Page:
Kim Jong Un’s influential sister vowed to “eradicate” South Korea’s leaders if they continued to let propaganda leaflets cross the border, repeating dubious claims that pamphlets caused the recent COVID outbreak in the north.
Kim Yo Jong blamed “South Korean puppets” for sending “dirty objects” across the border in leaflets carried by balloons, the official Korean Central News Agency reported Thursday. The younger Kim also disclosed that her brother was stricken by “high fever” during the outbreak, in an unusual admission for a regime that rarely comments on the leader’s health.
The remarks by Kim Yo Jong, who has been the face of North Korea’s pressure campaign and against Washington and Seoul, included her first threat against the government of South Korean President Yoon Suk Yeol who took power in May.
“If the enemy continues to do such a dangerous thing that can introduce a virus into our republic, we will respond by eradicating not only the virus but also the South Korean authorities,” she said in a speech at a meeting of ruling party officials reviewing policies to battle the epidemic.
North Korea’s escalating rhetoric against Seoul could set the stage for a resumption of military provocations that have slowed in recent months, possibility due to the outbreak. North Korea appears to be readying conduct its first nuclear test since 2017, government officials from Japan, South Korea and the U.S. said.
Any display of the weapons in Kim’s nuclear arsenal would serve as a reminder of the pressing security problems posed by Pyongyang that have simmered as U.S. President Joe Biden’s administration has been focused on Russia’s invasion of Ukraine.
North Korea — one of only two United Nations member states that has not launched a vaccination program — has apparently been trying to deflect blame away from its leader over an outbreak that was too big to ignore. The government has claimed that “alien things” sent across the border by balloons from the south brought the coronavirus into its territory — with health experts and the South Korean government saying there are no precedents for the type of transmission described by its neighbor.
“It is quite natural for us to consider strange objects as vehicles of the malignant pandemic disease,” Kim Yo Jong said adding her brother guided an “epoch-making miracle” in eradicating the virus.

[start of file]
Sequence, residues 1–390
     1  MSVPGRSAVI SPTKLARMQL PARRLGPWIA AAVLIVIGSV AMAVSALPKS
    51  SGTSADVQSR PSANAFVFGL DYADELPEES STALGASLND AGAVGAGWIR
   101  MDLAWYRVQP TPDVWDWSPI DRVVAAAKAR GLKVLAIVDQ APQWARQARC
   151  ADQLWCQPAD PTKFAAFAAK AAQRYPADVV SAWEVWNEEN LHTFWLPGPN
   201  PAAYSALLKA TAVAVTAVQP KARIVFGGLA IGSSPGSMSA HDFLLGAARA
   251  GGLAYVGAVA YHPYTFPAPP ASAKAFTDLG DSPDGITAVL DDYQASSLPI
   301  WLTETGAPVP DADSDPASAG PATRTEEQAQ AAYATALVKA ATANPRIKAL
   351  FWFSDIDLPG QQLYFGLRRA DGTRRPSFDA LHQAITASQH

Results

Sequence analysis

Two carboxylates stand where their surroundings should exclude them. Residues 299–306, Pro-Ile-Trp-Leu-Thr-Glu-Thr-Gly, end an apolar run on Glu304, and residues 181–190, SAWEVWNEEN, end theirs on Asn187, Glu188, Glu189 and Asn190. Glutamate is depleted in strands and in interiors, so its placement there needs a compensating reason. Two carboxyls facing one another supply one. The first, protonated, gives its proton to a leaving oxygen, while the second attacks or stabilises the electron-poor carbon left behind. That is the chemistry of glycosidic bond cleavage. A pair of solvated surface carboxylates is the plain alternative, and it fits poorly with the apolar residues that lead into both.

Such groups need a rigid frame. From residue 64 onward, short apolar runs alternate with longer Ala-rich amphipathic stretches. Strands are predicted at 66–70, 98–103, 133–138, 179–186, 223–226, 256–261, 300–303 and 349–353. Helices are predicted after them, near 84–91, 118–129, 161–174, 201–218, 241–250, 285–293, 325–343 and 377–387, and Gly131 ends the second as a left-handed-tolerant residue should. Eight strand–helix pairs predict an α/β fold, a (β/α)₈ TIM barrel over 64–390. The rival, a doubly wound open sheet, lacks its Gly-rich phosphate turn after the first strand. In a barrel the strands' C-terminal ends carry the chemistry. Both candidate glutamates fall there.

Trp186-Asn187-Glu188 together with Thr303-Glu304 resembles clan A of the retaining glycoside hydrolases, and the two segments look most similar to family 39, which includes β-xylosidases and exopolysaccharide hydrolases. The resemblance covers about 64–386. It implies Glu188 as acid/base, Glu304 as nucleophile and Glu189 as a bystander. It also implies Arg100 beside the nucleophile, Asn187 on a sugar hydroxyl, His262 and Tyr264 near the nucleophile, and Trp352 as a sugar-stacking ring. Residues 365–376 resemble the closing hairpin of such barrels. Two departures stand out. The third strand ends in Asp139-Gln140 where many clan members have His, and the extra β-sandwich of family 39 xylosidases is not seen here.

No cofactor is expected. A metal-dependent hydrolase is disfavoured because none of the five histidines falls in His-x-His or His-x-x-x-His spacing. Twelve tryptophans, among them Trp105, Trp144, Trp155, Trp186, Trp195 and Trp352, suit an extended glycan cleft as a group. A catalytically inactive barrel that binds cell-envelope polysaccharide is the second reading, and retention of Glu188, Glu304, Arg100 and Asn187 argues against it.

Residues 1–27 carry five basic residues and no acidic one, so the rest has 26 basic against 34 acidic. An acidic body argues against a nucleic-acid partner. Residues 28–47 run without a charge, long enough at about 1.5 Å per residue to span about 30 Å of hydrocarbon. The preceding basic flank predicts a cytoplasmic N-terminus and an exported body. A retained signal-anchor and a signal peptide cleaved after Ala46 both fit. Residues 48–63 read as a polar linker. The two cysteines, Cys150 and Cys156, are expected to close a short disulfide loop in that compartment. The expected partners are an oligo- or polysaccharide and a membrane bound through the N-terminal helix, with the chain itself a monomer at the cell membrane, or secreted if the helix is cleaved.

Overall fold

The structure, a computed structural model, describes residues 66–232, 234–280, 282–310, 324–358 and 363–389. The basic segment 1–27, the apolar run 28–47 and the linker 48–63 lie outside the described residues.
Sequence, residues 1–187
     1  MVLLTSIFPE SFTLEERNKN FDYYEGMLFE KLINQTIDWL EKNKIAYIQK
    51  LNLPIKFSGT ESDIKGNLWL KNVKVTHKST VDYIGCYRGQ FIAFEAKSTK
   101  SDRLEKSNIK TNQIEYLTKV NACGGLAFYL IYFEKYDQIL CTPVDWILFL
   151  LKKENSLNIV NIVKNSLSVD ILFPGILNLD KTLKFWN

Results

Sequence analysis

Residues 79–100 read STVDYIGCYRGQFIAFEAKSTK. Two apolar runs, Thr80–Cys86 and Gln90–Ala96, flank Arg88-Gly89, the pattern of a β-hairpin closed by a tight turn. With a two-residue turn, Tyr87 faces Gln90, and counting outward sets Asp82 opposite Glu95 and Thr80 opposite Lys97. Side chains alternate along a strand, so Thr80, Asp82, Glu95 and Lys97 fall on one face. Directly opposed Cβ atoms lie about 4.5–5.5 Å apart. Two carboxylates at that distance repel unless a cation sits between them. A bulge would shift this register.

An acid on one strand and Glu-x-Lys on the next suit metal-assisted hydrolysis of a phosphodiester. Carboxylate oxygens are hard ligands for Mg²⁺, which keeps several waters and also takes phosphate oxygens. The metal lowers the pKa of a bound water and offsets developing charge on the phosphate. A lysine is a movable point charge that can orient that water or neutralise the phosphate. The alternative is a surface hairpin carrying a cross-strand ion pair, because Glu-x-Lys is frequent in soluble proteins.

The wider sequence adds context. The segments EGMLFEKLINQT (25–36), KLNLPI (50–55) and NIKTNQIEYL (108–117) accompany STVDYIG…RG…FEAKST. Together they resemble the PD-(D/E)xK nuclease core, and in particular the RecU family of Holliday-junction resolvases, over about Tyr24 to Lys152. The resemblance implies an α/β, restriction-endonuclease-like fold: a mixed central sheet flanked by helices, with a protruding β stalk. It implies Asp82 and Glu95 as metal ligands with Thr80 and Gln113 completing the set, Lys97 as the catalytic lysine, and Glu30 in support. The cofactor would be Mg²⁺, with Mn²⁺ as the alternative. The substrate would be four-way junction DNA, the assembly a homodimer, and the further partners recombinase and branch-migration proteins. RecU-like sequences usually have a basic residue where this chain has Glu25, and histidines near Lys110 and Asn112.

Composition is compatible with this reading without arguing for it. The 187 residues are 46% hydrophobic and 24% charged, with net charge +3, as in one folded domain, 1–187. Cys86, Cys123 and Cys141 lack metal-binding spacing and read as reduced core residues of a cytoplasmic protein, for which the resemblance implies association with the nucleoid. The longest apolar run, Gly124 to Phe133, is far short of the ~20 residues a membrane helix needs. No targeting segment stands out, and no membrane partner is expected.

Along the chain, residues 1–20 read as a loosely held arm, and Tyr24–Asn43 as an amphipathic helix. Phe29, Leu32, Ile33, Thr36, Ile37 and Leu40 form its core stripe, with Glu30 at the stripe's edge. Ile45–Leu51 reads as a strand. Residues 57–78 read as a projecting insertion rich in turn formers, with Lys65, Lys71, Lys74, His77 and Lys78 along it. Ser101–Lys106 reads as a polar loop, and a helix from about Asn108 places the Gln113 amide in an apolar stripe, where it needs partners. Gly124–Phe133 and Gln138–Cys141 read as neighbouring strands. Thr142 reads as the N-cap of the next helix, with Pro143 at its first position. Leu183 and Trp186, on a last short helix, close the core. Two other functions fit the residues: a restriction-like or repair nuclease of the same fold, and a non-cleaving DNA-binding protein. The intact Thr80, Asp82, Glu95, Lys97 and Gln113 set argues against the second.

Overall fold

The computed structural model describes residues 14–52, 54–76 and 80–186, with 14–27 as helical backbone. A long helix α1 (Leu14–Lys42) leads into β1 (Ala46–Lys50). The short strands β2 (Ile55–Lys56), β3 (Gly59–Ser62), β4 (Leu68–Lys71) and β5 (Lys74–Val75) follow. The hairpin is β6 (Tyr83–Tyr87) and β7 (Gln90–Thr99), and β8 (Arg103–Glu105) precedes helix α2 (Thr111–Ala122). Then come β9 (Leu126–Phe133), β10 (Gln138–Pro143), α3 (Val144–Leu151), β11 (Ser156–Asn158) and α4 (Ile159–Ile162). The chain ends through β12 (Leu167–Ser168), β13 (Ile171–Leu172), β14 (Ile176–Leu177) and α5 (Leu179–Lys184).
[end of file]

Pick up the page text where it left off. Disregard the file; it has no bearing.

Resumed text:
Since North Korea controls all access to public health data, its claims about the virus cannot be verified. Health experts said it was virtually impossible for the state to have ended the spread of a disease at home that has circled the globe for more than two years and infected hundreds of millions of people.
But by claiming victory, North Korea may be “paving its way to resume its trade with China,” said Yang Moo-jin, a professor at the University of North Korean Studies in Seoul who has advised the South Korean government. Kim Jong Un shut borders at the start of the pandemic, which added more misery to his sanctions-hit economy and slammed the brakes on trade with its biggest benefactor, China.
Activist groups led by North Korean defectors have sent millions of anti-Pyongyang leaflets by balloon from South Korea for years, and Kim’s regime often seizes upon them when it wants to increase tensions.
Similar leaflets were at the center of a series of North Korean complaints in the summer of 2020 that culminated in the regime blowing up an inter-Korean liaison office on its side of the border. Kim Yo Jong was also at forefront of the rhetorical attacks then against the government of former President Moon Jae-in.
There are plenty of places where the virus could enter North Korea. While airports have largely been shut during the pandemic, the regime reopened a rail link with China in January and black-market traders frequently cross the border. A U.N. body has said satellite images show sea traffic at its main international port of Nampho, and illicit trade is conducted on the open seas in violation of sanctions.
North Korea also issued a statement saying that its leader suffered from a “fever,” without specifying a date. Kim Jong Un was “seriously ill,” but “could not lie down for even a moment because of his concerns for the people,” Kim Yo Jong said in a speech. She didn’t elaborate whether her brother was among what North Korea calls “fever cases.”
North Korea had not called the hundreds of thousands of fever cases “COVID,” perhaps because the reclusive country doesn’t have enough testing kits to confirm that the cases were caused by the coronavirus.
It has refused vaccines from the outside world, with reports saying planned shipments have been put on hold because it is unwilling to follow rules by Covax, a body backed by the World Health Organization.
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